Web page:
With 2017 having seen some of the first corrugated cardboard price hikes to hit the sector for almost four years, Antalis Packaging says that it is now more important than ever for companies to be watchful on their corrugated box specification and quality.
In a shock move for the industry, Q1 2017 saw manufacturers from around the world announce price hikes for all kraft and recycled paper, the key component in corrugated box making. This was followed by news of further increases in Q2 and the consensus is that this trend may continue.
The rationale behind this is a complex set of global and continental factors. Fundamentally, issues with capacity and shut downs at various mills globally, has caused major issues around capacity and supply, resulting in extreme price volatility. Factored in with this is an extraordinarily high level of corrugated demand, particularly in Europe and China.
Also, the wider political agenda has had an impact. Among other factors, the post-Brexit sterling devaluation has echoed through the packaging supply chain, while Trump’s presidency has also shaken up trade.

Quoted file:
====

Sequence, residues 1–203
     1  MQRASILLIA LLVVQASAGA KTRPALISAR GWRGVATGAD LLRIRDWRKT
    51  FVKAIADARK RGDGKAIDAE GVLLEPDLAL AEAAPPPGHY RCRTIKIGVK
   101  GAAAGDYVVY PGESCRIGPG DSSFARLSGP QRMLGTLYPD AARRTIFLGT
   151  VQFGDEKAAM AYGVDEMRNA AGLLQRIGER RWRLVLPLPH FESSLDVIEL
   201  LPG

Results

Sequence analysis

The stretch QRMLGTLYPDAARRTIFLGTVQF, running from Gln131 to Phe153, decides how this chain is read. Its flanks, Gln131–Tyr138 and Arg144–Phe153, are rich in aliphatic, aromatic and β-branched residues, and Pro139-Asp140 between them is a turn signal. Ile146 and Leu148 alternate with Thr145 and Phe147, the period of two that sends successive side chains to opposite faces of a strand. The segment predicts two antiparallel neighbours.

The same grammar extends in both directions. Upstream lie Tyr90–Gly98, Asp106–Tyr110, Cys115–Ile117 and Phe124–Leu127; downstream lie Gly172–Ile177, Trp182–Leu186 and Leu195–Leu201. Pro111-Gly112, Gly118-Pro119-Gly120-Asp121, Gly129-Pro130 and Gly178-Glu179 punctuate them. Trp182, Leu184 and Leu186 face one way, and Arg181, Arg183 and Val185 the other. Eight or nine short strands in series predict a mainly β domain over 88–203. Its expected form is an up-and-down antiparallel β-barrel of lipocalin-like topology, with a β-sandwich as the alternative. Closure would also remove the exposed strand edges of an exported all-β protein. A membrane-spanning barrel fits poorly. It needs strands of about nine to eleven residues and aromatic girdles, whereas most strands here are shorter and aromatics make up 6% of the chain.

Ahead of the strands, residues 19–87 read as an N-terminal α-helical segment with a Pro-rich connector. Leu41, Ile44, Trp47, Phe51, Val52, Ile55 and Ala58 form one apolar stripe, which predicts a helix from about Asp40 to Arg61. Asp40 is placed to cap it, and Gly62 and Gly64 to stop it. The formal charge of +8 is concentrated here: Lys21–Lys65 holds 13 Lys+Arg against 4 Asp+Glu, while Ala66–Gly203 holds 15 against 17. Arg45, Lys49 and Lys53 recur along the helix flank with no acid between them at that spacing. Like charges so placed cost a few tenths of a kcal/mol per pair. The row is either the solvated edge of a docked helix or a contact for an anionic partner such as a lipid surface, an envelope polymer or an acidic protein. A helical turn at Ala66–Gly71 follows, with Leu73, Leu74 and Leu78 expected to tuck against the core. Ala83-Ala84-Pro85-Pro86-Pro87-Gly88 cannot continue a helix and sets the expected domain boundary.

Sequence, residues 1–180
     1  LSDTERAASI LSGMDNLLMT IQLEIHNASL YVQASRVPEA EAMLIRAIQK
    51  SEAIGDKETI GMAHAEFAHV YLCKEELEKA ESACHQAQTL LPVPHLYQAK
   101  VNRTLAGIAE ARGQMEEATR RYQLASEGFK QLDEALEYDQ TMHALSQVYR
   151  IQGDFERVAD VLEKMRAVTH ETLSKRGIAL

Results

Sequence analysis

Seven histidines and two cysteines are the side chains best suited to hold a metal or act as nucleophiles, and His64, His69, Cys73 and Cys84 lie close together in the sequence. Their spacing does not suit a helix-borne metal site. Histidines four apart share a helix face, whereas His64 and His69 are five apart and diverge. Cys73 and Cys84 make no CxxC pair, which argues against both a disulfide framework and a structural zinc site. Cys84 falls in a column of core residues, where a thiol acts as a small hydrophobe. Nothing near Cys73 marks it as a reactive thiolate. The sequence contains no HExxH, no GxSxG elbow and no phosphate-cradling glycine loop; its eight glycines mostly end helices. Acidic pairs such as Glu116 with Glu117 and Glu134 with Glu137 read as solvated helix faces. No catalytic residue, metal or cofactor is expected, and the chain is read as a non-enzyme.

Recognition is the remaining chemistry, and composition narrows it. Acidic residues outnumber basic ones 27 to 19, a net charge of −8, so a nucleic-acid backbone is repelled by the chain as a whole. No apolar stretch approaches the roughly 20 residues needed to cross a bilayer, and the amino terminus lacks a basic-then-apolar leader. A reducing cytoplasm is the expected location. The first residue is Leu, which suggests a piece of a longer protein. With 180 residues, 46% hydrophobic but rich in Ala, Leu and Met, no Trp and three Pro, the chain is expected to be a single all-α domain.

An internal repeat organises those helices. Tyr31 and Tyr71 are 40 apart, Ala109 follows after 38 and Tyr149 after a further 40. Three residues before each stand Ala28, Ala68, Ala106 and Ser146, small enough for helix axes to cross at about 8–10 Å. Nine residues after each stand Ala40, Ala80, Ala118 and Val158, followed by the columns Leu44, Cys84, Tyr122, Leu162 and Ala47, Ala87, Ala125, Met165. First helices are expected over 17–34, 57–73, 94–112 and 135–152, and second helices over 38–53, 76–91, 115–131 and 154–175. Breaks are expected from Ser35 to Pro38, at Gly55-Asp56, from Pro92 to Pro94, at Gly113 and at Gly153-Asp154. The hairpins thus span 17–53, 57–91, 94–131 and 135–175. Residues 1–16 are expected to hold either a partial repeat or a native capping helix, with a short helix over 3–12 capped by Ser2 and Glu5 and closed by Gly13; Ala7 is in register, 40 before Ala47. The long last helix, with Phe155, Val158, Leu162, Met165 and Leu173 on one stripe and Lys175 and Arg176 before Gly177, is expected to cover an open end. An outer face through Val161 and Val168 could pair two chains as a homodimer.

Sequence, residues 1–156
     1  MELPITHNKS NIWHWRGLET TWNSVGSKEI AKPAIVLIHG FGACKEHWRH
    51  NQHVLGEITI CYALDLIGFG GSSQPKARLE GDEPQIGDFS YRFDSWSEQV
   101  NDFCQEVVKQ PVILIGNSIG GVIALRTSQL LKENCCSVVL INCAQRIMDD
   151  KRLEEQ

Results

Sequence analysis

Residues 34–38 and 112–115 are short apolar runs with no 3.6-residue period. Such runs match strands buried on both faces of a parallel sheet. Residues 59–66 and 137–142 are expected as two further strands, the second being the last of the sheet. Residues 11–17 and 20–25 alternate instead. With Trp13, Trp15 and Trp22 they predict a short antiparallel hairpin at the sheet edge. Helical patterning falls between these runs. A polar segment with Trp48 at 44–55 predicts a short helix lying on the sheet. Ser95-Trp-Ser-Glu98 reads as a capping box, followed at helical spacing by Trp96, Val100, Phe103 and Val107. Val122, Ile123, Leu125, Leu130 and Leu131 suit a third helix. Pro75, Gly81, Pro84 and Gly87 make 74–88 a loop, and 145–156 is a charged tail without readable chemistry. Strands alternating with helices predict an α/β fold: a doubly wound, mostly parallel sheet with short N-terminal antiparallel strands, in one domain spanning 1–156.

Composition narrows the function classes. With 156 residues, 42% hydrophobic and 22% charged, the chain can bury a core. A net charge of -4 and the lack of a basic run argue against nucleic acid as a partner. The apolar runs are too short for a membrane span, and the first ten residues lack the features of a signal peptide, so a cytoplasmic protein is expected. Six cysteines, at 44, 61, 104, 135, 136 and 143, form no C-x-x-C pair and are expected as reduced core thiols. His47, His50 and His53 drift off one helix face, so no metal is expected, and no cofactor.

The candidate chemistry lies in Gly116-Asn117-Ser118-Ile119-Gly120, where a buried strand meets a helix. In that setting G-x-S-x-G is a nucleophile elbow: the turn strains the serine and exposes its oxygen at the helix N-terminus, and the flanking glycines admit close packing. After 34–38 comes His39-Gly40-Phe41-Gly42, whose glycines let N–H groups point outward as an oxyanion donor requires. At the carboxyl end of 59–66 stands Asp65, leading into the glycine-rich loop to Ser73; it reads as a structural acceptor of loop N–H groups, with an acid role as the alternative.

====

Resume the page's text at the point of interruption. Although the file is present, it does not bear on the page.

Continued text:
Scott Tuckey, Packaging Product Manager at Antalis comments: “Robust demand and the insufficient factory production of kraft paper has inevitably rippled down to corrugated cardboard, which is typically made up of around 50% of paper. This has resulted in relentless price hikes to help cover short supply and disruptions in the supply chain, which the industry, unfortunately, has no other option but to pass on to customers.”
“For buyers, the inclination and pressure might now be to try to source a lower cost option, with some corrugated manufacturers reducing their paper weight or grade in order to offset any further price hikes. However, this is a false economy; even a slight deviation in material could impact the strength of the corrugated board which could lead to an increase in damages and, in turn, complaints.”
Typically, cardboard boxes have a test paper inner liner, and a kraft paper outer. These papers are provided from a paper mill and transported to a corrugated or ‘fluting’ plant where they are crimped to create an inner “fluted” layer which makes corrugated cardboard extremely strong. The quality of the kraft and test paper is key to the integrity of the overall corrugated structure.
Scott adds: “At this turbulent time we would encourage all buyers and warehouse managers to keep a close eye on the quality of their cardboard boxes, with any changes in weight, colour or thickness possibly indicating a potential change in specification. If in doubt, our team of packaging experts can provide support as well as consultancy on bespoke packaging solutions that may help to streamline packaging processes and reduce operational cost.”